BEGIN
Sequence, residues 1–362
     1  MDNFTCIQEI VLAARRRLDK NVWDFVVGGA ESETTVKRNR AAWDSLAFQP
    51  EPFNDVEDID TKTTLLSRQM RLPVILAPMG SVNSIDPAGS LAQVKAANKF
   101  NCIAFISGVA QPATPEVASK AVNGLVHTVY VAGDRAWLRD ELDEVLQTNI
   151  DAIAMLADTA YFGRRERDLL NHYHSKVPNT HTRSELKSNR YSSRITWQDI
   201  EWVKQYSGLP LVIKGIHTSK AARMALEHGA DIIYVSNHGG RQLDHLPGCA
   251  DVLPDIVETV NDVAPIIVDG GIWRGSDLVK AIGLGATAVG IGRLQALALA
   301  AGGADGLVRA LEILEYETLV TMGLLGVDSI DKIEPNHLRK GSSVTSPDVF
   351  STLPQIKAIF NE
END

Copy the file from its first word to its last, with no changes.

Sequence, residues 1–362
     1  MDNFTCIQEI VLAARRRLDK NVWDFVVGGA ESETTVKRNR AAWDSLAFQP
    51  EPFNDVEDID TKTTLLSRQM RLPVILAPMG SVNSIDPAGS LAQVKAANKF
   101  NCIAFISGVA QPATPEVASK AVNGLVHTVY VAGDRAWLRD ELDEVLQTNI
   151  DAIAMLADTA YFGRRERDLL NHYHSKVPNT HTRSELKSNR YSSRITWQDI
   201  EWVKQYSGLP LVIKGIHTSK AARMALEHGA DIIYVSNHGG RQLDHLPGCA
   251  DVLPDIVETV NDVAPIIVDG GIWRGSDLVK AIGLGATAVG IGRLQALALA
   301  AGGADGLVRA LEILEYETLV TMGLLGVDSI DKIEPNHLRK GSSVTSPDVF
   351  STLPQIKAIF NE